The doctoral dissertations of the former Helsinki University of Technology (TKK) and Aalto University Schools of Technology (CHEM, ELEC, ENG, SCI) published in electronic format are available in the electronic publications archive of Aalto University - Aaltodoc.

Contingency Theories of Order Management, Capacity Planning, and Exception Processing in Complex Manufacturing Environments

Antti Tenhiälä

Dissertation for the degree of Doctor of Science in Technology to be presented with due permission of the Faculty of Information and Natural Sciences for public examination and debate in Auditorium TU1 at Helsinki University of Technology (Espoo, Finland) on the 9th of December, 2009, at 12 noon.

Dissertation in PDF format (ISBN 978-952-248-225-9)   [1538 KB]
Dissertation is also available in print (ISBN 978-952-248-224-2)


Technological development and market diversification increase the complexity of modern manufacturing environments. Although the popular literature on lean management practices and quality improvement programs describe numerous ways of decreasing the complexity of manufacturing processes, the complete elimination of complexity is seldom possible. Thus, one needs to understand how to mitigate the performance effects of complexity with appropriate management practices. The research questions of this dissertation ask first, what do we already know about operations management under complexity, and second, how the applicability of day-to-day operations management practices depends upon the different dimensions of complexity.

The research question on the existing knowledge about operations management under complexity is answered in two steps. First, I present a comprehensive review of organization-theoretical literature on the concept of complexity. This review results in a number of propositions on different ways of managing complexity. Second, I analyze the evidence for those propositions in a systematic literature review of recent operations management research. The results of that review point to a number of contribution opportunities, which guide the empirical studies that address my second research question.

The research question on the applicability of operations management practices under different kinds of complexity is addressed with three studies within the same focused sample of 163 machinery manufacturing processes. The first study examines how the applicability of different order management practices depends upon the complexity arising from product customization. The second study examines the effects of process complexity on the applicability of different capacity planning methods. The third study examines the effects of different kinds of uncertainties on the applicability of different exception processing routines. As the studied practices begin from the acquisition of orders and end in the delivery of products, they constitute a holistic view of day-to-day operations management in manufacturing firms.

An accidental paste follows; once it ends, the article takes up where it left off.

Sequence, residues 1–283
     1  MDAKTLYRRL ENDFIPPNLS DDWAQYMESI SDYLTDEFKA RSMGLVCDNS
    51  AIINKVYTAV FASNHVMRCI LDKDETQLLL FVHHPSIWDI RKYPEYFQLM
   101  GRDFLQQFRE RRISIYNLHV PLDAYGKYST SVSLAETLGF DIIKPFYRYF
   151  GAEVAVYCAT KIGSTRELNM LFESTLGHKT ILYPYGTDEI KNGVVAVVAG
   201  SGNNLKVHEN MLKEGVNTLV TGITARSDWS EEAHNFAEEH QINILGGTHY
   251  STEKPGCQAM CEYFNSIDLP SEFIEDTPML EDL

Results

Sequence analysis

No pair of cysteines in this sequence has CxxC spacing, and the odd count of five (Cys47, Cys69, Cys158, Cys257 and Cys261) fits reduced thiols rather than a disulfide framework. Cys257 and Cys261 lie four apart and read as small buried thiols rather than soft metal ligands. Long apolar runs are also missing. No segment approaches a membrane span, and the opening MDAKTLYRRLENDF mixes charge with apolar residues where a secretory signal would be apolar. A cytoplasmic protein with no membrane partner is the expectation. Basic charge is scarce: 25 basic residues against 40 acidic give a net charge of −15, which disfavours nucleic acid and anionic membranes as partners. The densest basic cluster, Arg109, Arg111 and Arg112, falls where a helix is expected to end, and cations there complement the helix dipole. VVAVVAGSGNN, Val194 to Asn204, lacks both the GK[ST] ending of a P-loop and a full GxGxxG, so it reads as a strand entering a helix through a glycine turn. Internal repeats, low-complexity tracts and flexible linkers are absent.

The empirical analyses result in three contingency-theoretical propositions. First, I argue that product configurator tools, available-to-promise verifications, and configuration management practices are only applicable with specific levels of customization in products' configurations and components. Second, I argue that rough-cut capacity planning methods are only applicable with job-shop processes, capacity requirement planning is only applicable with batch-shop processes, and finite loading methods are only applicable with bottleneck-controlled batch shops and assembly lines. Third, I argue that only formal automated exception reporting channels are applicable when urgent glitches are being resolved in production processes. Meanwhile, only formal interpersonal exception reporting channels are applicable when equivocal glitches are being resolved.

The theses have immediate practical implications for managers who are responsible for production processes in complex task environments. The studies show that none of this dissertation's theses are commonly known by practitioners nor discussed in the literature. In addition to the immediate implications for the studied environments, the theses can be theoretically generalized to other environments that satisfy certain boundary conditions. Examples can be found in service production, healthcare operations, and software development. The resulting middle-range theories of operations management in complex task environments can be tested in future studies with random samples of processes from other operations management contexts.

Keywords: complexity, uncertainty, operations management, empirical research, contingency theory, substantive theory

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© 2009 Helsinki University of Technology

Last update 2011-08-04